In Wiltshire we had a number of very successful sales. Most notable were Westwood Farm, Colerne, which sold privately before going to the market at 20% above the proposed guide price, and the organic Upper Langridge Farm near Bath at £2.25 million. The sales of two other farms were successfully concluded at the year’s end. Beadon Farm, Hennock in Devon with 165 acres of grassland and woodland sold at £1.15 million whilst the 65 acre Brick house Farm, Charlton Musgrove in Somerset sold at £1.5 million.

Good farms are still much in demand and this summer will see the launch of several fine properties, such as the 600 acre Old House Farm in Peas marsh, East Sussex (guide price £2.75 million) and Shepherds Farm, also in Peas marsh. Fairland Farm near Bristol will prove an interesting sale and is guided at £1.95 million. The major advantages of working with is that they will provide you the latest and all excellent services for doing the conveyancing process. It comprises a fully restored 17th century Grade II listed farmhouse and 113 acres, situated in a superb and secluded setting and would be ideal for the lifestyle buyer with horses, ponies and sheep, particularly with its additional accommodation and home working facilities.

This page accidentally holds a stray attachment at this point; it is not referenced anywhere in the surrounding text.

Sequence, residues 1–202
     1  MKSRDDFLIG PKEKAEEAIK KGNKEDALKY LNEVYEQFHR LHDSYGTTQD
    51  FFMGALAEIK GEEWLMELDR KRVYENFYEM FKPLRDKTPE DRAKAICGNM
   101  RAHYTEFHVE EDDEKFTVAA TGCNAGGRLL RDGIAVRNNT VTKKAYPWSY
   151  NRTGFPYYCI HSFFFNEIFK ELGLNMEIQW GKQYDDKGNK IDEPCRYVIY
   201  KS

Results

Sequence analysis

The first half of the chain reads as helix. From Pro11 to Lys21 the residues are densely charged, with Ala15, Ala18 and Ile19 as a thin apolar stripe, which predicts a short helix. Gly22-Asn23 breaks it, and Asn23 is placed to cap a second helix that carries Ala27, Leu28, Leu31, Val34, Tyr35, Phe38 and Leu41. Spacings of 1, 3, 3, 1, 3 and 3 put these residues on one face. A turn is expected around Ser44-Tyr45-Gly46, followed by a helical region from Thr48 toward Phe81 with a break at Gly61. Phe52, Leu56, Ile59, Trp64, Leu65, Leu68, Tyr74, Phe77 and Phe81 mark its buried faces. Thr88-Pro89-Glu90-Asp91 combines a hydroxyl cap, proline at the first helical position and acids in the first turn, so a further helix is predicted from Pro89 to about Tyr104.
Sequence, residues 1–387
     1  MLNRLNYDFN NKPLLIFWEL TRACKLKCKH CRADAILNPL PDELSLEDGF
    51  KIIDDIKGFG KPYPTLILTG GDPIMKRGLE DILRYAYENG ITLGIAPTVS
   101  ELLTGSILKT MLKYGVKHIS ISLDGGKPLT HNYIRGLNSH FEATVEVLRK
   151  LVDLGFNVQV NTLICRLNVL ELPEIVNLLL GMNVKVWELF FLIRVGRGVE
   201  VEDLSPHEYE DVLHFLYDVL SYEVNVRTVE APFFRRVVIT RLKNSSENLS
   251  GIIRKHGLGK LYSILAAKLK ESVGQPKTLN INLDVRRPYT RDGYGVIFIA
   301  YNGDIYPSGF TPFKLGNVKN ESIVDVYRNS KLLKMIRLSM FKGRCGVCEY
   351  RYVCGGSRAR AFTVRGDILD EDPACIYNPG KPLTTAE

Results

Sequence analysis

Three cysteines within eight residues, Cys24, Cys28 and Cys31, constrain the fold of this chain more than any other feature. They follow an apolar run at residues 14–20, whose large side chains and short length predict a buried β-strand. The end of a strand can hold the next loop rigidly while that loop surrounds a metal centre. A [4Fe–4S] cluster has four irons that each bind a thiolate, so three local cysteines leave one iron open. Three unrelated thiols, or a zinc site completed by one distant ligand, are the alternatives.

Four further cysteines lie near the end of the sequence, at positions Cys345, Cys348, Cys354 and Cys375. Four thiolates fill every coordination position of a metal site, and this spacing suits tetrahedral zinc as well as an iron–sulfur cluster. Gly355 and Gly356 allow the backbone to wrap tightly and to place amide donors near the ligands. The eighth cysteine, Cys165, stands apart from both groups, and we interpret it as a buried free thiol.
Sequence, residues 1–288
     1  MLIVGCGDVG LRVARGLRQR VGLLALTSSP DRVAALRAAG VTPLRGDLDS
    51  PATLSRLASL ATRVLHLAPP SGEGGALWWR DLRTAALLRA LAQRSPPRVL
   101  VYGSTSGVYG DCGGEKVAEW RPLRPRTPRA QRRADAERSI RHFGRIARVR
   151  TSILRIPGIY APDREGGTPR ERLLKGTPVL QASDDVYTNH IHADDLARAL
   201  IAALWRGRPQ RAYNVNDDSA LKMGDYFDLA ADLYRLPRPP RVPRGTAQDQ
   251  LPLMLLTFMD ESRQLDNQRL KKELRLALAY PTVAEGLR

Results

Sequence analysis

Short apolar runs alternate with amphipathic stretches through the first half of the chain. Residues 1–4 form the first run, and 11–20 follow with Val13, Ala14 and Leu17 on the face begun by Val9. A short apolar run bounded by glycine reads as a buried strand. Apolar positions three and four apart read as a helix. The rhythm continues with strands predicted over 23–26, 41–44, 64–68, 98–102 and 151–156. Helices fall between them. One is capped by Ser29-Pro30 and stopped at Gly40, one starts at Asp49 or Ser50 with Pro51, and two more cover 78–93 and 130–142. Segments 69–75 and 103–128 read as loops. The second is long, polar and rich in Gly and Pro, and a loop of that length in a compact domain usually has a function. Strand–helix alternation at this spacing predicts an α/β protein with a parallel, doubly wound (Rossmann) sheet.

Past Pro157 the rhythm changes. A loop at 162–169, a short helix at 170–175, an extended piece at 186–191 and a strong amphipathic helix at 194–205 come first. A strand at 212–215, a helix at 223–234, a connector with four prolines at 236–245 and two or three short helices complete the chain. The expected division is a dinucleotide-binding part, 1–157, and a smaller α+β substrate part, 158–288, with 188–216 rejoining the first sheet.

It is of interest that we last sold Fairland Farm at auction in 1997 for the sum of £793,000! In Surrey, Hurst Hill Farm, Bramley will present a fine opportunity for those looking for outstanding equestrian facilities and should sell well at a guide of £1.95 million, and the 200 acre South Wonston Farm at Sutton Scotney in Hampshire (guide price £2.25 million) should also attract good interest.

Bare land prices continue to increase in value, and it is now commonplace to see prices well in excess of £3,000 per acre for larger acreages and above £7,000 an acre for smaller pony and equestrian paddocks. “We are confident that 2006 will prove to be another good year for farmland sales.” Following the implementation of the EU Waste Framework Directive, it was inevitable that the disposal of agricultural waste would fall in line with other industry sectors.

The new rules are intended to progressively improve the waste management standards on farms, in order to provide better protection to human health and to the environment. All types of waste on the farm are included in the new regulations, including tyres, plastic, sheep dip and waste animal health and hygiene products.